Poshmark (NASDAQ:POSH) has filed its S-1 and is looking to go public on January 13th. But how does this social media-driven resale marketplace compare to others? In this episode of Industry Focus: Consumer Goods, join host Emily Flippen and Motley Fool contributor Asit Sharma as they break down Poshmark's business and discuss if this new IPO is worth a second look.

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This video was recorded on January 12, 2021.

Emily Flippen: Welcome to Industry Focus. Today is Tuesday, January 12th, and I am your host, Emily Flippen. Today, I am joined by the one and only, Asit Sharma, as we take a look at Poshmark's S-1 filing. It's an upcoming IPO. We're going to be digging into its financials and discussing whether or not we're interested in this recent IPO. Asit, thanks for joining.

Asit Sharma: Thank you for having me, Emily, and I have to ask before we start, does this mean that we have to put on posh British accents for the whole recording today, or we could just use our normal accents since we are talking about Poshmark?

Flippen: If I wasn't going to horribly embarrass myself with my inability to do any sort of accent, I would definitely say we should fake the accent for this episode. But to spare myself and the listeners, maybe not. [laughs]

Sharma: Next time. [laughs]

Flippen: Next time, exactly. I'll work on it and I will get back to you. Poshmark is really interesting. It's an online fashion marketplace. They're looking to go public tomorrow, January 13th, so it's going to be a very quick debut after this coverage. I hope everybody is listening when we release this on the 12th. But Poshmark is a social media-driven second-hand marketplace for clothing and beauty items. It's going to be hard to visualize exactly what this platform looks like if you aren't a user of Poshmark, but you can imagine it as something like a combination of Instagram, Etsy, and eBay, all mashed into one. This is replicating the success that we've seen with other businesses playing in that niche between social media and e-commerce. The end result is, hopefully, what they believe to be a marketplace that has the engagement of even the best social media companies with also a highly integrated shopping experience that can be reminiscent of e-commerce businesses like Pinterest.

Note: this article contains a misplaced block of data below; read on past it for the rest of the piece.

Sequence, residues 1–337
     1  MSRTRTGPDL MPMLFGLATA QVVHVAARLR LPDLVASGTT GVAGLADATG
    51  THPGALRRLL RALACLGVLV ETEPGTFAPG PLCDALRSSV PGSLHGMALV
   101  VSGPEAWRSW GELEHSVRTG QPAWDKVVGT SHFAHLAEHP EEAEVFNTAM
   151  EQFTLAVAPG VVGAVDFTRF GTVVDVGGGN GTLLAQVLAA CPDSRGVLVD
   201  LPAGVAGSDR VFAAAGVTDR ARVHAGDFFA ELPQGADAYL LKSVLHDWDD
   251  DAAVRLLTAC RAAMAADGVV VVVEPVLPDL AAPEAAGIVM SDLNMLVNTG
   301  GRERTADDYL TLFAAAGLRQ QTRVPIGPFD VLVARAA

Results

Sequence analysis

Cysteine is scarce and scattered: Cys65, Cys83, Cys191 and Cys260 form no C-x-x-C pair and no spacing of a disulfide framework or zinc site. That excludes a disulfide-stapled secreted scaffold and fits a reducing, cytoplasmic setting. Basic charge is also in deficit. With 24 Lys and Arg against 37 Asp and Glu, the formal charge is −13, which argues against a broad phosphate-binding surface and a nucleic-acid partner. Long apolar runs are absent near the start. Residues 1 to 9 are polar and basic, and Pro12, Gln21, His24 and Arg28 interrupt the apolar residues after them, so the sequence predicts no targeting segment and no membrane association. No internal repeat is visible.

Sharma: Just a quick comment here, Emily, I think they've been around since 2011 or 2012. They evolve this way. They didn't spring up last year in an effort to take the best parts of each of these platforms and have this world-beating mashup. But I think it is interesting that they do pull from the various advantages of different marketplace platforms we've seen.

Flippen: I think in my opinion, after reading through this S-1, the thesis for Poshmark really just boils down to whether or not you believe shopping is going to be more social in the future than it is today. It really reminds me of a Chinese company, actually, that I'm invested that's called Pinduoduo. The ticker is PDD, and it's a very risky business, even riskier given today's climate. But it's interesting how the two businesses intersect. Pinduoduo became such a powerhouse in China because it combined social media with discount shopping, giving people the opportunity to group up with buyers and buy things at a really steep discount. Now, that is not what Poshmark is doing, as I've mentioned before, the majority of products sold on the Poshmark platform are resold goods. People going through their closets, finding old clothes that they maybe don't wear anymore that they want to sell. It's different, but the thesis for Pinduoduo, and theoretically Poshmark, I think is the same.

The idea is that you can get a really engaged and sticky audience by finding a lot of the really thrilling experiences of social media with also an integrated purchasing experience. People will sign up for Poshmark's platform and feel the need to come back and visit daily, simply because of the social media aspect. I mentioned this before we started taping, Asit, but I was not a user of Poshmark before coming into this S-1, I am now a user of Poshmark. I set up an account, and going through that process is really interesting, because unlike platforms like Etsy, for which you can just hop on and make a one-off purchase, you have to set up a profile on Poshmark. You have to put in not only your email address, obviously your name, but your age, your sizes, your favorite brands. That's mandatory information before you can even get onto the Poshmark platform, meaning for all the users that Poshmark has, they also have a lot of really valuable information about the sizing and the preferences of their customers. Now, when I get on Poshmark, either app or website, the only clothes I see are clothes that are from brands I like, from sellers that I follow, that are my size. I can't say that I've experienced that anywhere else.